Illinois Natural History Survey - University of Illinois

Brown Recluse Spider

Susan Post

 

“Just received word the University of Illinois is planning some pest management monitoring here at the Forbes Natural History Building for brown recluse spiders. They will be placing a few monitoring stations here in the building this next couple of business days (and may knock on your door for access).”

E-mail message from Cathy Bialeschki (INHS), Friday November 13, 2009

Cathy’s e-mail message piqued my curiosity, especially when a few days later a black rectangular spider trap was placed under my desk. What do these spiders look like?  Would they really be in my office?  Should I be concerned?

The brown recluse spider, Loxosceles reclusa, is found throughout the south-central and midwestern United States. These spiders are rare outside of their range and are widely over reported. They may be transported to a non-native area in boxes or furnishings, but infestations seldom become established.

Only one-half inch or less in length, this spider is easily overlooked, especially in dark corners. They may be brown, gray, or deep yellow in color and have long, thin legs that lack conspicuous spines. Their cephalothoraxes (unlike insects, spiders only have two body parts—the cephalothorax and the abdomen) have the eyes, fangs, and legs attached. The dorsal markings resemble violins with the neck of the violin pointing to the rear of the spider. This mark, while less obvious in young spiders, has led to the common names of fiddleback spider, brown fiddler, or violin spider.

The eye pattern of recluse spiders is the definitive diagnostic feature, but most people will need a hand lens to see it! They have six eyes arranged in pairs; most other spiders have eight eyes. Even with this many eyes they have limited vision and rely mainly on touch.

During the day brown recluse spiders usually seek refuge in dim, secluded areas. These refuges are lined with dark, irregular webbing. Outdoors (their natural habitat) the webs may be built under rocks, logs, woodpiles, and debris. Rotting tree bark is a favorite habitat. Yet these spiders have adapted to living indoors with us, hiding in cracks and corners of our homes. Indoors they seem to favor cardboard and are able to persist many months without food and water. Females seldom venture far from their retreat, while males and juveniles tend to wander, ending up in shoes, clothing, or bedding where they may become trapped against someone’s skin.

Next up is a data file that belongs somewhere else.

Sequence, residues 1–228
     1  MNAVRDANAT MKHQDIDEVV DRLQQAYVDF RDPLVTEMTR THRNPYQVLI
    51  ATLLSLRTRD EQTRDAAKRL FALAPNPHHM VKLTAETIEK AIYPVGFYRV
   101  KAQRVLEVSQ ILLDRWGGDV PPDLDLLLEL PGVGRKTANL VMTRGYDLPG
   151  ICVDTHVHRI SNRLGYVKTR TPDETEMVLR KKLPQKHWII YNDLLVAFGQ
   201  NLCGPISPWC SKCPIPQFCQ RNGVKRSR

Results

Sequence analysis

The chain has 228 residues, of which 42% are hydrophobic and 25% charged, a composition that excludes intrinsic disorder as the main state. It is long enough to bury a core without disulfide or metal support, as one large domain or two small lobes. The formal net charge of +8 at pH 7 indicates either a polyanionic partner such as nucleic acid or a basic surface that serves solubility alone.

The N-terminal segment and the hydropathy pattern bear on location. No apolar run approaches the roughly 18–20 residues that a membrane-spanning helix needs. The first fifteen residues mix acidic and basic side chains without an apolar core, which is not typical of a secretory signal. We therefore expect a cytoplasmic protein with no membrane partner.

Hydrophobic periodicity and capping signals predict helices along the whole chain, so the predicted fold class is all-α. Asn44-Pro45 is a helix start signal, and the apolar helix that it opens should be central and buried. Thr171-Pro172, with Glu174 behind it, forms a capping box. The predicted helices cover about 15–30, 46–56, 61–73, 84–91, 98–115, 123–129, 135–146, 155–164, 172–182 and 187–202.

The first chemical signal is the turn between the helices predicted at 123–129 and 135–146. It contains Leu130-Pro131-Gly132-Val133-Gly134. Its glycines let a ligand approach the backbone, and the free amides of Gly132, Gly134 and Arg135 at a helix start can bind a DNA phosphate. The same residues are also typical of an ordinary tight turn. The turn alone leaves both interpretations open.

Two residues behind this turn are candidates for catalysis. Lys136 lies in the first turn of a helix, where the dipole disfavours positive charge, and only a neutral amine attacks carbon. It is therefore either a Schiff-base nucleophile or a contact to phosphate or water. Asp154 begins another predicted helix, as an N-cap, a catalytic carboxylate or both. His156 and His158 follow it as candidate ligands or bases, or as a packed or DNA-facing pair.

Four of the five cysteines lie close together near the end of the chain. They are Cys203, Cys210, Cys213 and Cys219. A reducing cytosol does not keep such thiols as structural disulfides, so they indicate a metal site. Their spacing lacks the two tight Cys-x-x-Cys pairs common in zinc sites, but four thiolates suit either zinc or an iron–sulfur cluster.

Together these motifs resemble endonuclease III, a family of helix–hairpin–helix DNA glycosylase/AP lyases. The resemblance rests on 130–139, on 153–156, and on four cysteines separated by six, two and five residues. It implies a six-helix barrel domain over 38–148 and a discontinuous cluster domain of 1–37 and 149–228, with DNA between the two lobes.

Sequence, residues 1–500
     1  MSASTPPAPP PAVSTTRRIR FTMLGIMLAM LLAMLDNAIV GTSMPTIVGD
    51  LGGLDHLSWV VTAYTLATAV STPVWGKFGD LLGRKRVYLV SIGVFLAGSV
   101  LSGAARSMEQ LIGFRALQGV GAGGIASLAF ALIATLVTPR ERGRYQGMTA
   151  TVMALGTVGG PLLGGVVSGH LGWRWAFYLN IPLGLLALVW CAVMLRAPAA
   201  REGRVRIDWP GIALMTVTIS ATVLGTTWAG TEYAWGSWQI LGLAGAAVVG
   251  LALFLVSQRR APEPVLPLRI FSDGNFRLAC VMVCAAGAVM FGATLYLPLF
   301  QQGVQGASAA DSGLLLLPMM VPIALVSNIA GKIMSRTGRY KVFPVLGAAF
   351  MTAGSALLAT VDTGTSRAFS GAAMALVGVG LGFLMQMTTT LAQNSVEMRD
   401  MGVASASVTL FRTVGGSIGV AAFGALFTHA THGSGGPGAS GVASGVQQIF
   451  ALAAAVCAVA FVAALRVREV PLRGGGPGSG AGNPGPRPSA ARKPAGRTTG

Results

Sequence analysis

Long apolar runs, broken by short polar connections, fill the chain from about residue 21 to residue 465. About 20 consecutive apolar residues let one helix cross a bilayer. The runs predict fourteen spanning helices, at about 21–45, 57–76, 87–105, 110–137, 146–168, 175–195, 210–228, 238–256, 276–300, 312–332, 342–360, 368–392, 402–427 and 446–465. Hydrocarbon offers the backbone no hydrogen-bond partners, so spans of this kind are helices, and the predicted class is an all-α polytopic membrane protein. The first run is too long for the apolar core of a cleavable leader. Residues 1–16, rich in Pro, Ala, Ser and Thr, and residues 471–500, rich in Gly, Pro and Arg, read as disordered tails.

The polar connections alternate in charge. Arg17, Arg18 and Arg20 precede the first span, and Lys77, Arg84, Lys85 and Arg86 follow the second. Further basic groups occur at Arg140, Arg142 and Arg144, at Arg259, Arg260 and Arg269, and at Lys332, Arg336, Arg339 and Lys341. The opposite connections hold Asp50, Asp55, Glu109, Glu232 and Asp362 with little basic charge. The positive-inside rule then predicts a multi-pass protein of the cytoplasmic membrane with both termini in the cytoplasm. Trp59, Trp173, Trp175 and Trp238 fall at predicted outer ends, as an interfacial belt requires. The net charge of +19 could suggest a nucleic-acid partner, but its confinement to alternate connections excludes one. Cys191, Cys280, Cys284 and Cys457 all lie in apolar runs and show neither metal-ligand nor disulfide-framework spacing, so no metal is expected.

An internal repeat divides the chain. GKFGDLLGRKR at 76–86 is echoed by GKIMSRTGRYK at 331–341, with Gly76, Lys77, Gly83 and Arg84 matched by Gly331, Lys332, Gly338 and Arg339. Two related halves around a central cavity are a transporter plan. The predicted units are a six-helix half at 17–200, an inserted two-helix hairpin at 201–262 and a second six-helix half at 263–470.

Unlike most web weavers, they leave their webs at night to hunt, seeking insect prey, either dead or alive.

From May through July the female will deposit 40–50 eggs in an off-white, silken sac. These sacs are 2/3 of an inch in diameter. Spiderlings (which resemble tiny versions of a fully grown adult) emerge from the sac in about a month and will molt up to eight times before becoming adults. It takes about a year for the spiders to mature. These spiders have an annual life cycle, but may live up to three years in captivity. A female will produce up to five egg sacs during her lifetime.

Most spiders have poison glands, which they use to paralyze their prey (any creature that happens to wander into their web or near the spider). The brown recluse is one of only four spiders in the United States whose venom poses a danger to humans. The black widow, hobo, and yellow sac spiders are the others.

As the name suggests, the brown recluse is not terribly aggressive. Bites, while rare, usually occur when a person inadvertently trespasses on a spider’s turf. Most bites happen in response to body pressure, when a spider is inadvertently trapped against bare skin. These spiders have small fangs and cannot bite through clothing. The spider’s venom is cytotoxic, meaning it kills cell tissue. The initial bite is usually painless. Several hours later the bite site may become red and swollen. Most bites remain localized and will heal within three weeks.

So far the spider trap under my desk remains empty.  But there is no need for me to worry. These tiny arachnids are more inclined to avoid me, as much as I am them. Whether we encounter each other or not, we seem to have achieved a very natural and peaceful coexistence.

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